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From: Thorsten Ottosen (nesotto_at_[hidden])
Date: 20050512 14:35:25
Hi Peter,
"Peter Dimov" <pdimov_at_[hidden]> wrote in message
news:009201c55673$68a92330$6401a8c0_at_pdimov2...
 Thorsten Ottosen wrote:
 > "Peter Dimov" <pdimov_at_[hidden]> wrote in message
 > news:004101c5566a$6aaecd50$6401a8c0_at_pdimov2...
 >> Thorsten Ottosen wrote:
 >>
 >>> I don't know why you insists that we need two overloads.
 >>>
 >>> Given
 >>>
 >>> template< class T >
 >>> MyType
 >>> {
 >>> Iter Begin();
 >>> ConstIter Begin() const;
 >>> ...
 >>> };
 >>>
 >>> surely
 >>>
 >>> template< class T >
 >>> auto begin( MyType<T>&& r ) > decltype( r.Begin() )
 >>> { return r.Begin(); }
 >>>
 >>> can handle both const and nonconst arguments.
 >>
 >> No, it can't.
 >
 > do you care to explain why...I thought this was how we were supposed
 > to solve the forwarding problem.

 A forwarding function has a signature of the form

 template<class T> auto begin( T && t );

 When begin() is called on a const object, template argument deduction
 deduces T as a const type.
 X const x;

 begin( x ); // T == X const &, T && == X const &

 X const f();

 begin( f() ); // T == X const, T && == X const &&

 However, when you use MyType<T> &&:

 template<class T> auto begin( MyType<T> && t );

 MyType<int> const x;

 begin( x ); // T == int

 template argument deduction deduces T as int, and the attempt to bind
 MyType<int>&& to x fails. An rvalue reference respects cv qualifiers, just
 like an lvalue reference does.

 You can try it with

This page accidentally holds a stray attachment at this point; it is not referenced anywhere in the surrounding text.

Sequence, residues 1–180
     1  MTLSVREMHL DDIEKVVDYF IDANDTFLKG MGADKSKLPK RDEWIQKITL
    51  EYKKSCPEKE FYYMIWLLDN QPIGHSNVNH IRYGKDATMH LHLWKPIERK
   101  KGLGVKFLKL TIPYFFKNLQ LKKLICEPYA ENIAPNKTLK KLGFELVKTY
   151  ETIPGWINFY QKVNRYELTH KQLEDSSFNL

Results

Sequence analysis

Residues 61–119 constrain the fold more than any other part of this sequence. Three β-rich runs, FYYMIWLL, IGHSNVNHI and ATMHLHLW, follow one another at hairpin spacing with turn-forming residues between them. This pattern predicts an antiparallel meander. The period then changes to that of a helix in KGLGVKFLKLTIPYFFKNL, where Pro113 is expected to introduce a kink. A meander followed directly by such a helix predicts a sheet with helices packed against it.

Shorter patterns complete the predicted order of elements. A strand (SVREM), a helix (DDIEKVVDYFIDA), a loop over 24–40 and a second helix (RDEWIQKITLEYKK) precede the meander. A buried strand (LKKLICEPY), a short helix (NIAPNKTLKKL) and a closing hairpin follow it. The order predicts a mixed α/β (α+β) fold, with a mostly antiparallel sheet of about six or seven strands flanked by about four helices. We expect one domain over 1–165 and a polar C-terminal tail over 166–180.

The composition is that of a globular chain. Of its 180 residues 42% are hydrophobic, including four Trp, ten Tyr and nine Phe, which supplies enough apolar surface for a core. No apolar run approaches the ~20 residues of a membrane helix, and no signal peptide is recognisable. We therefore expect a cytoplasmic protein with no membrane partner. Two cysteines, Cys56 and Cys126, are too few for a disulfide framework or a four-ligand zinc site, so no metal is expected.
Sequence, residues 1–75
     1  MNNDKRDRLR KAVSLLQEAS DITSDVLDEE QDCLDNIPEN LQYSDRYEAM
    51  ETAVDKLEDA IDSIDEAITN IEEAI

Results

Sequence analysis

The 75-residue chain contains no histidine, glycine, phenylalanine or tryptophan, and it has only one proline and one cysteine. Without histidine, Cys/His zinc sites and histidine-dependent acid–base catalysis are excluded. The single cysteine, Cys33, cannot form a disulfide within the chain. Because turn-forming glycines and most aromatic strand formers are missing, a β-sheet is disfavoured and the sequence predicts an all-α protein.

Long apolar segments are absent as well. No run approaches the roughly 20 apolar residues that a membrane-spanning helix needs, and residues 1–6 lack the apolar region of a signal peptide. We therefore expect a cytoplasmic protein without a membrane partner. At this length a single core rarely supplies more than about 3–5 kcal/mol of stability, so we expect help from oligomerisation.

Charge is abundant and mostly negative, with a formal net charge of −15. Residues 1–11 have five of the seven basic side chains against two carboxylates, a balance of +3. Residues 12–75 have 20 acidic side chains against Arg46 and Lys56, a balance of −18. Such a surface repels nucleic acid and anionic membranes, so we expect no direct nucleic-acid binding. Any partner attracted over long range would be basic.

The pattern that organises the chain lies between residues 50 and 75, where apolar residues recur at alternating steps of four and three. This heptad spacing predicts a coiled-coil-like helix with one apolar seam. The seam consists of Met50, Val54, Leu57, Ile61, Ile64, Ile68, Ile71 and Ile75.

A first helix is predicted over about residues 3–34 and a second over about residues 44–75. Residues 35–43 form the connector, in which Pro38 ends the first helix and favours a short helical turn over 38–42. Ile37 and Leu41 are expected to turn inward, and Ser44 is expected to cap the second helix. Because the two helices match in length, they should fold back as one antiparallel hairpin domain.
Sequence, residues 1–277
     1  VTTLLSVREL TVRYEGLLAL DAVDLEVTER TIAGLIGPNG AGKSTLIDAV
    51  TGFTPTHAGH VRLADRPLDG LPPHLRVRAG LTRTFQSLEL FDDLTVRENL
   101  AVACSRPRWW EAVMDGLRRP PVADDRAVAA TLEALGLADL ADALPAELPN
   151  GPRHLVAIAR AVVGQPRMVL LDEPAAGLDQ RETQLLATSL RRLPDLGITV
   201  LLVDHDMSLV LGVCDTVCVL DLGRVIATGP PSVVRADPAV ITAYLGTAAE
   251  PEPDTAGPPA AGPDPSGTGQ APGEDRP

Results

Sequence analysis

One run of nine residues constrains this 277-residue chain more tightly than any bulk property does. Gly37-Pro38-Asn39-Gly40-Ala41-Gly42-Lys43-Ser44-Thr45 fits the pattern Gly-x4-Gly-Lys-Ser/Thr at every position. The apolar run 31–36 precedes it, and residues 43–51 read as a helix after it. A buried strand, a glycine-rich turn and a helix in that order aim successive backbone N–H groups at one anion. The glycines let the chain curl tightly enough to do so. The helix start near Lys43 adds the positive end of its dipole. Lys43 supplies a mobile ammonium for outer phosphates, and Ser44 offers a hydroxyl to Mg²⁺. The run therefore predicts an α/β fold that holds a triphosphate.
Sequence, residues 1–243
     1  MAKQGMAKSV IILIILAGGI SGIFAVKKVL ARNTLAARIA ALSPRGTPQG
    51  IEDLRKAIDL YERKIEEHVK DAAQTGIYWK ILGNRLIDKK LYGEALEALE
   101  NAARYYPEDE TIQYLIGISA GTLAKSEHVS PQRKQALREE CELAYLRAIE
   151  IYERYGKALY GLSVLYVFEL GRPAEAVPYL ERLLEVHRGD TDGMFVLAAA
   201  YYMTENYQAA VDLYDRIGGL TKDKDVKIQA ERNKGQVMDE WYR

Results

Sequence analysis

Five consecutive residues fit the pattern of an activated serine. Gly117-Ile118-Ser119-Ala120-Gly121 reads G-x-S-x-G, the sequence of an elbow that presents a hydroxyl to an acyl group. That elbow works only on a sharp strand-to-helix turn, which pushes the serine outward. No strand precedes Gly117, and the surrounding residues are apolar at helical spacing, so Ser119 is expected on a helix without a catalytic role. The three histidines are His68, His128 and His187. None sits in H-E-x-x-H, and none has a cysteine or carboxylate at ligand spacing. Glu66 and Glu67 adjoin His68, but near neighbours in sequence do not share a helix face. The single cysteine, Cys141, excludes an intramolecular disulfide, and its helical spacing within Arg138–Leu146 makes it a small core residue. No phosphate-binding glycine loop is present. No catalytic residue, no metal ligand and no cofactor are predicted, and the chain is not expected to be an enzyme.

template<class T> void begin( MyType<T> & t );

 and see that it will fail in a similar way. Also try

 template<class T> void begin( T & t );

 to see that it will succeed and deduce T as MyType<int> const.

 HTH.
hm..you learn something new every day; I wasn't aware of the difference
between T& and UDT<T>&
 As for the example in the paper:

 std::if_< std::is_const<MyContainer>, const char*, char*>::type
 begin( MyContainer&& c )
 {
 return c.Begin();
 }

 since MyContainer is a specific nonconst type, the compiletime if_ will
 always return char*. begin() isn't even a template. You can't expect two
 different return types from a single function.
 char* begin( MyContainer& c )
 {
 return c.Begin();
 }

 char const* begin( MyContainer const& c )
 {
 return c.Begin();
 }

 Note that there is no need for an rvalue reference here unless you really
 want to allow people to change a nonconst rvalue in a for loop:

 for( char& i: MyContainer() )
 {
 ++i; // questionable
 }
it seems to be very useful if you're chaining algorithms that all acts on
rvalues.
still, we need two version of each function, the && version and the const &
version.
I wish we didn't.
Thorsten
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